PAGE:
S: Are you a Republican?

F: I can't credibly answer that question. Using game theory in economics, you are not going to believe me when I tell you my political affiliation because I know that you know that I could be behaving strategically. If I tell you I am a Kerry supporter, how do you know that I am not lying or behaving strategically to try to put more weight on the predictions and help the Republicans?

S: I don't want to do game theory. I just want to know if you are a Kerry supporter.

F: Backing away from game theory, which is kind of cute, I am a Kerry supporter.

S: I believe you entirely, although I'm a little surprised, because your predictions implicitly lend support to Bush.

F: I am not attempting to be an advocate for one party or another. I am attempting to be a social scientist trying to explain voting behavior.

S: But in the process you are shaping opinion. Predictions can be self-confirming, because wishy-washy voters might go with the candidate who is perceived to be more successful.

F: It could work the other way. If Kerry supporters see that I have made this big prediction for Bush, more of them could turn out just to prove an economist wrong.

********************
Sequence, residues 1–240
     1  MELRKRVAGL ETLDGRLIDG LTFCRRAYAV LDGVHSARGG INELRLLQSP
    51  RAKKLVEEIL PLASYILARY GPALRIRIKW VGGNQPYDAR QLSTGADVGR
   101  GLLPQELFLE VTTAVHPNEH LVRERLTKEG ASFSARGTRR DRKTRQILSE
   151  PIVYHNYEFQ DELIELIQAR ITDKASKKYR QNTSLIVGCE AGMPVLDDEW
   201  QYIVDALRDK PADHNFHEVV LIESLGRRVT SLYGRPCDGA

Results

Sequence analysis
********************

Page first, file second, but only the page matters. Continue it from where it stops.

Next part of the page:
S: Perhaps you could create an equation that would calculate how important the forecasts of economists are.

F: There are so many polls and predictions, and I am not sure the net effect of any one of them is much.

S: Yes, everyone in America is a forecaster. We all think we know how things will turn out.

F: So in that case, no one has much influence, including me.

The interview casts some interesting light on why the prevailing Conventional Wisdom is leaning fairly strongly towards Kerry-Edwards with little in the way of conventional support. As Kausfiles delicately and diplomatically and, I believe, correctly, puts it:

I just think Halperin's "Gang" is still influenced--if only subconsciously--by sympathy for the Democrats and (more important) for those Democratic operatives who are their sources. Correct for that and it's probably not Kerry's contest to lose after all.